What is Big Uglies

Big uglies is slang for older companies in hard industries such as manufacturing, oil, steel and mining. They have been unpopular with investors because of their boring stability, which makes them useful during volatile markets.


Big uglies traditionally referred to stocks in gritty industries associated with manufacturing and infrastructure. They are often cheap and affordable for investors, but correspondingly difficult to sell because their growth rate and return is small and steady. As technology has advanced, big uglies no longer refers exclusively to stocks in manufacturing and materials industries. Instead, the phrase can refer to stocks in any unfashionable and reliable industry in any sector. In technology, hardware makers and connectivity stocks are considered old-fashioned, and therefore big uglies, as apps and security companies are pushing the boundaries. Big uglies in the finance industry are stable, large commercial and retail banks. Most utilities are considered big uglies, as are traditional consumer products. Investors who want high returns or are investing for short-term growth are not interested in big uglies because they simply don't experience enough quarterly growth because the demand for their products and services has leveled off over time.

Advantages of ‘Big Uglies’

Although the name brings negative connotations, big uglies can be important parts of an investor's balanced portfolio. Big uglies tend to experience slow but steady long-term growth, earnings and dividends, and they are usually household names with fantastic brand recognition. Investors who want to time the market and get high returns from trading stocks tend to stay away from big uglies, but investors looking for long-term value at affordable, even bargain, prices find big uglies to be attractive. They have lower price-to-earnings ratios than other stocks, which guarantees value. They are steady in volatile markets and tend to be recession-proof, which means that they can hold down a portfolio and prevent losses in a churning market by moving the opposite way other stocks do during a down market.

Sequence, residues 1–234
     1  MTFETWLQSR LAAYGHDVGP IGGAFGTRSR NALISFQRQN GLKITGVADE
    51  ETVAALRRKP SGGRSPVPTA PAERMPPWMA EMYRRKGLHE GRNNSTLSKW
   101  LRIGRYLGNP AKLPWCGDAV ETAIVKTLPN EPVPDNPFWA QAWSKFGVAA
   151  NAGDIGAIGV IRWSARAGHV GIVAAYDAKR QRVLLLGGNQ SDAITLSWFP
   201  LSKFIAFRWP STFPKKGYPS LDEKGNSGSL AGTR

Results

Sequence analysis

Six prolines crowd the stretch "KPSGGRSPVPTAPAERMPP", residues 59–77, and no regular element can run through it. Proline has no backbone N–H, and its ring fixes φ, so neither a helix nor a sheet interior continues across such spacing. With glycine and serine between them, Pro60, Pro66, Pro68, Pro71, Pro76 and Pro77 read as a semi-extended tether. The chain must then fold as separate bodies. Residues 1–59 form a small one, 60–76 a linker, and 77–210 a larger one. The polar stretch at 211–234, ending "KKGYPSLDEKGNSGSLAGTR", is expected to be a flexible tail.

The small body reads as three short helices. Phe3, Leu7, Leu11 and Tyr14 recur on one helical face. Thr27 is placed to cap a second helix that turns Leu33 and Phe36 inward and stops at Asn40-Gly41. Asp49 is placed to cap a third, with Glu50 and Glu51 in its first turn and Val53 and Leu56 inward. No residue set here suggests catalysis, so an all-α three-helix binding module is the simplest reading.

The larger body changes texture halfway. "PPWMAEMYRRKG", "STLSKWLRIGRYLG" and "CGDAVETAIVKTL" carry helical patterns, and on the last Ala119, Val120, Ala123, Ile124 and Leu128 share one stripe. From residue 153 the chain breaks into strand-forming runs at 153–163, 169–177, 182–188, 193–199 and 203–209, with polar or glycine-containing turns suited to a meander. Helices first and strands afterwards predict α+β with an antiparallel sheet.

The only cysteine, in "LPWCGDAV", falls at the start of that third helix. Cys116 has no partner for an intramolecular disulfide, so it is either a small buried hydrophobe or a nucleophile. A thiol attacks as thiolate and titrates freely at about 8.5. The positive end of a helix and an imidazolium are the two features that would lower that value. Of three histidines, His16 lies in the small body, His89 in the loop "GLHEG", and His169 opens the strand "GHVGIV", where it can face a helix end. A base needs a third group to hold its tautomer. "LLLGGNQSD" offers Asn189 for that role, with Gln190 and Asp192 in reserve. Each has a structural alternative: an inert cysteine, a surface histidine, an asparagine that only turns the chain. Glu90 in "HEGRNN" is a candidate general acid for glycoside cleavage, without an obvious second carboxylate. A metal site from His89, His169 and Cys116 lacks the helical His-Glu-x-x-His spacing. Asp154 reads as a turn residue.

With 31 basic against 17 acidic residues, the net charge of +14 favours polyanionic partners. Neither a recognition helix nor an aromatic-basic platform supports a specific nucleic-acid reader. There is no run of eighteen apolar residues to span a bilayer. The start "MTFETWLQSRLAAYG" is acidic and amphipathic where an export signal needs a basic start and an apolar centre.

The companies themselves tend to be low-risk, along with the stocks, and are established companies with established market share in established industries. They are also more likely to be multinational companies, which diversifies risk, as a downturn in one market country can be offset by economic conditions in other market countries, and problematic manufacturing conditions in one plant can be offset by normal manufacturing conditions in another. While not sexy, these stocks are safe havens when markets are volatile. As usual, however, investors should perform due diligence on any stocks they buy, including big uglies, because these stocks may provide too little risk to grow an investor's portfolio.